In Chinese philosophy, yin and yang describe how apparently opposite forces are actually complementary, for instance, shadow cannot exist without light.
There are many dualities such as light and dark, fire and water, increasing and decreasing. And this duality can be symbolized by yin and yang.
Yin and yang can be thought of as complementary forces that interact to form a dynamic system in which the whole is greater than the assembled parts.
In Chinese philosophy, everything has both yin and yang aspects. The yin yang symbol shows a balance between two opposites with a portion of the opposite element in each section. Either of the two major aspects may manifest more strongly in a particular situation, but nothing is completely yin or yang.
Without yin no yang, without yang no yin. There is always yin in yang and yang in yin. Together they are one.
In this light, it's very interesting that almost every wise saying has an opposite one, no less wise! So in they are complementary to balance it!
The interaction between two opposites expresses life.
How does this relate to horse training?
When you look for example to the strategies to motivate a horse to learn something (see also the article about How Horses Learn >>) , there are riders who have an extreme dedication to a single approach, technique, concept, teaching principle, tool or strategy in horse training.
- Desired behavior (yin) can't exist without undesired behavior (yang).
- Reinforcement (yin) and correction (yang) are also complementary.
Now some riders are completely against correction. Some even reject any form of pressure and only wants to work with positive reinforcement, and stick to this approach only.
On the other hand, there are riders who are very much against the use of treats and mainly rely on the 'pressure/release' techniques, i.e. negative reinforcement and positive correction.
In my opinion, extreme dedication to a single approach ignores the benefits of the other approaches and are denying that opposite forces are complementary.
There can't be a release (yin) without pressure (yang). Therefore every rider uses negative reinforcement, even if they don't want to admit it.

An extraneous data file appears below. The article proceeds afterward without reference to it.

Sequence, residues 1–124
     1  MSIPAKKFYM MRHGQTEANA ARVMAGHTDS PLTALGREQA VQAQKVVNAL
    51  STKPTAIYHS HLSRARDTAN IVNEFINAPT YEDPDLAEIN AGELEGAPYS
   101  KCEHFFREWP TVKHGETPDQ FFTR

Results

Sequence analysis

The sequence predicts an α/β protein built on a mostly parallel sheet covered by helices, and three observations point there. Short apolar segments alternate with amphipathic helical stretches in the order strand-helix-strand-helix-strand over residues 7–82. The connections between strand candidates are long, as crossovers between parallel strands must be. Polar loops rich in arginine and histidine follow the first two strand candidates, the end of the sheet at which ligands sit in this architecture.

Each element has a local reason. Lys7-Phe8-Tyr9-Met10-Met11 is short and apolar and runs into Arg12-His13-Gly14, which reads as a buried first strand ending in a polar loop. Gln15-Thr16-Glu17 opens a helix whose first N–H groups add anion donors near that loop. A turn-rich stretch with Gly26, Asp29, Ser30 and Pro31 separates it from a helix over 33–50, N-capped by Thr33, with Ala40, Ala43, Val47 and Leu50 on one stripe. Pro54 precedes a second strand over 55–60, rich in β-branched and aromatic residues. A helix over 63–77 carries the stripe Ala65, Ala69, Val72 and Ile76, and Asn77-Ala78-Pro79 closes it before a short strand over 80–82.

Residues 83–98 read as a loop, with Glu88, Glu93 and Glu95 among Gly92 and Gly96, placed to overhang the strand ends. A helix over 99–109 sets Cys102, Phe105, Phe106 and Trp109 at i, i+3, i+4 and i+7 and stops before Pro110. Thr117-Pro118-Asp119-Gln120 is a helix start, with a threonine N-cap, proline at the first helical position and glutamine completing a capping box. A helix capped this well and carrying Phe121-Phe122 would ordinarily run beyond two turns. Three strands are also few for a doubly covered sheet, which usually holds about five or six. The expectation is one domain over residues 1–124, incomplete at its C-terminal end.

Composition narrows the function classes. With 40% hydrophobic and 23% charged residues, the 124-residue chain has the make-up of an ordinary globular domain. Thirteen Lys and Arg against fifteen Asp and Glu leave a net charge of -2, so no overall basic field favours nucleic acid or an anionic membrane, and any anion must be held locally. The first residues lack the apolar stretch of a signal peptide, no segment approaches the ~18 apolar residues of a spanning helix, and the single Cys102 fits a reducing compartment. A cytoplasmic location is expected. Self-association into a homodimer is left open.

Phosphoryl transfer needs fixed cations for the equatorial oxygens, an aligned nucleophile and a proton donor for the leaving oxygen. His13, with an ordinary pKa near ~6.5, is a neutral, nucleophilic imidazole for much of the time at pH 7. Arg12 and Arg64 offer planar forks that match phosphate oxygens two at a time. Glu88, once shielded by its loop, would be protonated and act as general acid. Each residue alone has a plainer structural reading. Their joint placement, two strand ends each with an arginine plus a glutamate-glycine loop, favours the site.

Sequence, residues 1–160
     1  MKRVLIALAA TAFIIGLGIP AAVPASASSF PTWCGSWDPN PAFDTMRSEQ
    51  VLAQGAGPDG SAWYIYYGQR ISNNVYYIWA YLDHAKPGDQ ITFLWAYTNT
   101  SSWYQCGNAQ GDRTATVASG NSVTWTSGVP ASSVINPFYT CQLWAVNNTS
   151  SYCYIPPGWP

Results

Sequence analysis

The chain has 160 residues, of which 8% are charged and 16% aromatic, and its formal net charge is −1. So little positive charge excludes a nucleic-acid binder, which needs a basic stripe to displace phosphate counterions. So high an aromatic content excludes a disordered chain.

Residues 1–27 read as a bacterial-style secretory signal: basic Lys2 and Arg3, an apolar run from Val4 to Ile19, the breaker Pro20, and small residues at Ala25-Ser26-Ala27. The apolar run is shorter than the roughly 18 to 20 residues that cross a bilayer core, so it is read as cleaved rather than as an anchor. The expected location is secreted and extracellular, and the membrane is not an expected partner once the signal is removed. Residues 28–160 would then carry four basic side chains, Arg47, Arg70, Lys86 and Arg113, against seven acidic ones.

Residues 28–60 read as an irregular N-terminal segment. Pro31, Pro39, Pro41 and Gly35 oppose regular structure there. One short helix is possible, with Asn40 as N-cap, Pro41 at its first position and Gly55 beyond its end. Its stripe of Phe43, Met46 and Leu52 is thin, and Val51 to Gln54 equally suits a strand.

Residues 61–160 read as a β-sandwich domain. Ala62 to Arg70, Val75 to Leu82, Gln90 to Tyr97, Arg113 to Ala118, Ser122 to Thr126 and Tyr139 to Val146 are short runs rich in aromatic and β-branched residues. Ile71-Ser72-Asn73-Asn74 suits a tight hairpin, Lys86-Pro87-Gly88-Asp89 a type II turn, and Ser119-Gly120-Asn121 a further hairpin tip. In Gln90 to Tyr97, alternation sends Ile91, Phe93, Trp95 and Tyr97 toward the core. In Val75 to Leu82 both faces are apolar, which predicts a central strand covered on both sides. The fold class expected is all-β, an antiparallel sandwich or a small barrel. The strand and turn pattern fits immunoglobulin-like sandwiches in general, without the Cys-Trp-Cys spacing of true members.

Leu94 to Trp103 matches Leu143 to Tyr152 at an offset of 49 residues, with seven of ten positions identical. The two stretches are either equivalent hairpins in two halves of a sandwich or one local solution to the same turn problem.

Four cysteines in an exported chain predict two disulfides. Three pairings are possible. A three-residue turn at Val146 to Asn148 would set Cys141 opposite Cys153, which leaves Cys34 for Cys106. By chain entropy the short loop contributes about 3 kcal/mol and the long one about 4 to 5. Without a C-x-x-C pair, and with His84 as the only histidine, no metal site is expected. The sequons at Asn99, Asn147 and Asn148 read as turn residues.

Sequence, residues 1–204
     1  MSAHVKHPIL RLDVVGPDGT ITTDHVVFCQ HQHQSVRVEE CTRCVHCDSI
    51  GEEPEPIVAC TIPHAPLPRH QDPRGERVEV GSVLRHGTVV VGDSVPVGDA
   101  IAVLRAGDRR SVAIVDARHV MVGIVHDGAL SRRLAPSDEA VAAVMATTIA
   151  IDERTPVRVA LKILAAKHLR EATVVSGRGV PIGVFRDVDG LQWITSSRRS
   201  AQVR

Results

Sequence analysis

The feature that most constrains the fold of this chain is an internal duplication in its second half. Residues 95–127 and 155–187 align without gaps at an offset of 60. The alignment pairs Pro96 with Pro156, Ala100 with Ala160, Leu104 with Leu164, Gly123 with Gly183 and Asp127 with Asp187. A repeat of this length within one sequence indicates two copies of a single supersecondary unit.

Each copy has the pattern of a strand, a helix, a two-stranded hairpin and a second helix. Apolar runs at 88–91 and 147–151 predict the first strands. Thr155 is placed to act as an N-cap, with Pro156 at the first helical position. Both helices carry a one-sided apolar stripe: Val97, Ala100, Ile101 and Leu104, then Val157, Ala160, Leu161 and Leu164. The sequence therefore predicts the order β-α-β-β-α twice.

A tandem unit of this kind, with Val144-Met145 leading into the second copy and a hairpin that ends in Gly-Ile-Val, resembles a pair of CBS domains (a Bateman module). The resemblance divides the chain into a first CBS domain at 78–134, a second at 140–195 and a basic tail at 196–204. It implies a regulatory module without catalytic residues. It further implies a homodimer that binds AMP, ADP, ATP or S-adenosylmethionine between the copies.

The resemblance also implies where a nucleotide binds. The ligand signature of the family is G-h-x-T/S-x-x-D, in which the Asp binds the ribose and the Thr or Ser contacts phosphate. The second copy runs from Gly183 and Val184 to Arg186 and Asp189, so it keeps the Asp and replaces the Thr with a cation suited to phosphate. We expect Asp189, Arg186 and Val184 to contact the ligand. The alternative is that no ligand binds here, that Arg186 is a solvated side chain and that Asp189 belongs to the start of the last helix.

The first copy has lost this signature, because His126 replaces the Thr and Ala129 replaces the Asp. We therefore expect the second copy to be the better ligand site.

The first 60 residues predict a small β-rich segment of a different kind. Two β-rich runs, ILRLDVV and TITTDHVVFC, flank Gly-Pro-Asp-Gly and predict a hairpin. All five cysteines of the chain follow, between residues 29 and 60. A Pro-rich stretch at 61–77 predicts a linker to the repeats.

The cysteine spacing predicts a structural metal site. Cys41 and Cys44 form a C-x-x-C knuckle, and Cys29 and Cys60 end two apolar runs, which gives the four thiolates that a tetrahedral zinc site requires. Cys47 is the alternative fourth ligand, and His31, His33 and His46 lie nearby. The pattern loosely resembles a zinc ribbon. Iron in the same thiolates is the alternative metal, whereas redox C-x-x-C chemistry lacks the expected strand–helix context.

Yin - Yang approach in horse training
I prefer a yin-yang approach, so I can choose the approach that works best for the horse in the given situation:
- Negative reinforcement (release (yin), taking away pressure (yang)): Considering that a horse is very much used to deal with pressure/release in the wild and while living in a herd with other horses, this technique is very easy to understand for a horse when applied properly with a clear intent and good timing and dosing.
- Positive reinforcement (reward, adding something pleasant (yin) ): By using treats or a lot of praise you can get an additional effort of a horse in meeting your request. They can become more eager to perform, because of the extra reward in the form of a treat. By giving a praise you can use a more yin approach (high, soft voice) or a more yang approach (low, strong voice), it depends on what the horse prefers.
- Postive correction (adding pressure (yang)): When a horse ends up in a more pushy state, you could act like 'electric fence' and warn the horse by projecting the idea of "I would not touch me if I were you'. But if he does, it's in his own interest that he discovers the clear boundaries and that he is corrected (yang), just like the electric fence would do: totally without emotion (this is the yin in the yang), so without any form of anger, fear, or frustration (too much yang). Like a calm, wise, older mare would do with a tomboy youngster. By keeping your calmness and wisdom (yin), you can use this yang technique wisely, so keep the yin in the yang!
- Negative correction (taking away something pleasant): A horse should always see a treat as a gift from you to him, he may never have the idea that he's taking the treat from you, that puts you in a submissive position. So if he's too eager in taking the treat (he's too yang), I just remove the food, I tell him it's mine, and he has to wait until he is in a more polite and well-mannered state (more yin).
So I prefer to have all yin and yang tools in my tool kit, and I choose the strategy that suits the situation, the type of behavior and the personality of the horse best. There is no single right way that suits every horse.
Having the flexibility of choosing the appropriate "tool" out of my tool kit leads me to tailor made teaching, which is necessary because every horse is unique.
Thinking out of the yin and yang boxes will lead to the magic.
It’s the black in the white and the white in the black that ensure balance!
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